Try reading the first page aloud to catch odd sentences like this. Readers may visualize this sentence in a way that you did not intend.

    “the sun churned an unbearable amount of heat.”

    Churned is not the right word here. Try not to confuse the reader with strange wording.

    4. Redundant phrases.

    “For a brief moment”

    A moment is, by definition, brief. “For a moment” is sufficient.

    5. Word Repetition.

    Certain words tend to stand out if you use them more than once. The word “looked” is one such word. I’m not suggesting replacing the word with anything kooky or crazy, However, there are other fine alternatives so that you don’t have to use the word “looked” three times on one page.

    6. POV issues.

    “Deep furrows in his forehead marked his confusion.”

    In this sentence, the word his refers back to the last pronoun used in the previous sentence, which is Edward. Edward is unable to see his own forehead to describe it. (Even if he could, the sentence is awkward.) If you meant to refer to the assailant’s confusion, then you have a faulty pronoun reference.

    7. At some point, you’ll want to spend more time coming up with a better title and first line, but this writing isn’t (imho) ready for prime time yet.

    Best of luck. Keep reading and writing!

  7. Thank you so much Sue and everyone for this invaluable critique. You have no idea what it means to me. I found this site about a year ago and I’ve been using the treasures here to clean up and tighten my writing. The opening for this WIP has been problematic, to say the least. There’s so much that needs to be explained and yet I know not to dump backstory info into the opening scene. For example, Edward’s need to interfere in a roadside fight seems illogical, but it isn’t. It is influenced by a haunting event in his past that has shaped who he is. The young woman he helps turns out to be doppelganger of someone from his past. I’m thinking of pushing this forward and using this recognition as a reason for his stopping. I’ve reworked the opening several times before this critique. In that I’ve eliminated the “choking” and made the fight more of an intensive argument on the verge of getting violent. The young woman is a major character, and she is dressed like a hooker. Also, Accra (which is the capital of Ghana) is one of the most peaceful cities in Africa. The “fighting” (poor word choice, I admit) refers to quarrels and arguments that are all too common to attract attention. Edward’s need to intervene is an early insight into his character.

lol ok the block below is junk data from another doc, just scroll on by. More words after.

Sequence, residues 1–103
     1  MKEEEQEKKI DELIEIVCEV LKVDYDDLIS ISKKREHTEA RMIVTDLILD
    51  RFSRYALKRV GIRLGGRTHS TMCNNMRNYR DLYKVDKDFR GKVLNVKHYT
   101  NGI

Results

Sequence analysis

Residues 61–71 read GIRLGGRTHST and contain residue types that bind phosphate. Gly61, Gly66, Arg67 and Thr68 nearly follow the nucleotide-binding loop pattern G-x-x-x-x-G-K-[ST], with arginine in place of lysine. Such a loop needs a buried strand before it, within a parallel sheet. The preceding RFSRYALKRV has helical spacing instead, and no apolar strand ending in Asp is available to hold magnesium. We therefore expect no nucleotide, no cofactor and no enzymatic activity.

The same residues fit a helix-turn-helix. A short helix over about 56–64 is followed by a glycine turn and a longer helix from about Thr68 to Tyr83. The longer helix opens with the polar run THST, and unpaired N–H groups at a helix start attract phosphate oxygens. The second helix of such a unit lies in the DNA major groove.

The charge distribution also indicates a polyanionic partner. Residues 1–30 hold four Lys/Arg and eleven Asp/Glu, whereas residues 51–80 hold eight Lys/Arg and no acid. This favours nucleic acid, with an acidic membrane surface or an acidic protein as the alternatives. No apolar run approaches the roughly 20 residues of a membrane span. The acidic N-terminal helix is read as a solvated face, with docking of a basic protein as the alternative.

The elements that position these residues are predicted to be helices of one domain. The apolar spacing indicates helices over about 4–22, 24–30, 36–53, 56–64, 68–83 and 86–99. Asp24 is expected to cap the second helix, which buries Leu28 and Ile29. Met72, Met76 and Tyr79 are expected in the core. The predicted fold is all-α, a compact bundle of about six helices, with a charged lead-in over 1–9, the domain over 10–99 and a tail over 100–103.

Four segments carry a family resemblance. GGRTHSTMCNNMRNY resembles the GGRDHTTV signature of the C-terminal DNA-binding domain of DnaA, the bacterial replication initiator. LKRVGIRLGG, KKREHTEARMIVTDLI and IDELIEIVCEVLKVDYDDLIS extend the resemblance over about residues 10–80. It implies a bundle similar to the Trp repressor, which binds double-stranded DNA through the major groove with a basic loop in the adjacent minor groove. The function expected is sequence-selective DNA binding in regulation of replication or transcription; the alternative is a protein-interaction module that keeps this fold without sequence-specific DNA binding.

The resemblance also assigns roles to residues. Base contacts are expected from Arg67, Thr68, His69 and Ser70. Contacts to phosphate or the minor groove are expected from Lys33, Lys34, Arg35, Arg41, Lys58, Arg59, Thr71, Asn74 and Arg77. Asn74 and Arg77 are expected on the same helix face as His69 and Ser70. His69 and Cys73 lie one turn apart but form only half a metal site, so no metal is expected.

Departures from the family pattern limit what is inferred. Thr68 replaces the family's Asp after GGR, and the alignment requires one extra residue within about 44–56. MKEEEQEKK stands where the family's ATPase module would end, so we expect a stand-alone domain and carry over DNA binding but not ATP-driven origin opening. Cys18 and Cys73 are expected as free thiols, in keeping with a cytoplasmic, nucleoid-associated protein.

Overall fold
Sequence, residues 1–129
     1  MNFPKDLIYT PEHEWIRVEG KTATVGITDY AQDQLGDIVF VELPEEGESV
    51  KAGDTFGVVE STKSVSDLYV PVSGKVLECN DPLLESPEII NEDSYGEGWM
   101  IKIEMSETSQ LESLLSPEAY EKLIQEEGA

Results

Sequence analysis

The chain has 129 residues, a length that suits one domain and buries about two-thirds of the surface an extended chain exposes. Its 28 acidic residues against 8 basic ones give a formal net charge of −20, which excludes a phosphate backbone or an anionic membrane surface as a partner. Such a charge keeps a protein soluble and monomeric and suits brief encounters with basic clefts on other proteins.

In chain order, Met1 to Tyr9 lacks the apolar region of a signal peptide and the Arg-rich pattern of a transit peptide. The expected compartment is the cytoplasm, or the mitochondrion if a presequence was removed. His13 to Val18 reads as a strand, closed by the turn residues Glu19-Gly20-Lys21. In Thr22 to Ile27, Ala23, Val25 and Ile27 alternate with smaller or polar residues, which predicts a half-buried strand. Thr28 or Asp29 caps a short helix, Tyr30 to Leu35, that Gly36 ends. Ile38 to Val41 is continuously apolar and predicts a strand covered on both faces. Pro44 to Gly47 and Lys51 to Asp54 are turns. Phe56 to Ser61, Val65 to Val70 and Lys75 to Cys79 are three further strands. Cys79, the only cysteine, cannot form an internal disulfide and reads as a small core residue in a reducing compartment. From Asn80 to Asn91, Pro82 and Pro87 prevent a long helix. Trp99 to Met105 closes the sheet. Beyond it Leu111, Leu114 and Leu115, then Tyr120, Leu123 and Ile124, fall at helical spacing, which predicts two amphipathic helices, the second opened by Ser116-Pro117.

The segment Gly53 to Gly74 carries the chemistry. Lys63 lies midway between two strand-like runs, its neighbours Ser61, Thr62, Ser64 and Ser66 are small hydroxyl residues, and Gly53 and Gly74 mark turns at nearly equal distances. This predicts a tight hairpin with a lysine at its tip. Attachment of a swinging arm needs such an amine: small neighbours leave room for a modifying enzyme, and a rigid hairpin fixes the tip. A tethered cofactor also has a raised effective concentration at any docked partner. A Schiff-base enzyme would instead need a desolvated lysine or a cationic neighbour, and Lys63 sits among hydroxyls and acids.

Sue pointed out the chauvinism in Edward’s secretary bringing him an aspirin. It sounded ridiculous the moment I wrote. But his relationship with his secretary transcends beyond the professional and delves into the familial. She even forces him to lunch when he’s buried in work. I guess you can say that he depends on her. Kinda like how Harvey depends on Donna in Suits. I’m so grateful that you guys take the time to help novices like me. One day when I get published, I’ll be sure to send Sue a signed copy.

    • Aww, very sweet. I’m so glad we could help, Nana. And thanks for the clarification. It’s easy to get wrapped up in our characters and not think big picture. Try writing a tag line that encompasses the plot in one sentence. Ask yourself what this story is about. Do past events turn Edward into a vigilante? Is there a killer loose and Edward, an Average Joe, finds he has a special knack for investigation? When we boil the plot down to one (or two) sentence it keeps us laser-focused. Ask yourself what actionable event drives this story.

      Wishing you the best of luck!!!

    • Just a thought, folks, but there can be male secretaries, too, right? I do love the Donna character in Suits. Wouldn’t the world be great if we all had a Donna in our lives? She is a character that viewers remember. It’s great when writers create memorable characters like her!

      It sounds like you are thinking about lots of things with your opening, Nana, and that’s great. The stuff you just mentioned sounds interesting, and I know that sometimes it can be difficult to decide the best way to dramatize it all. Openings are often difficult to write, and I know people who have been known to rewrite openings dozens of times. *raises hand* Keep at it, and I’m sure your efforts will be worthwhile.

Comments are closed.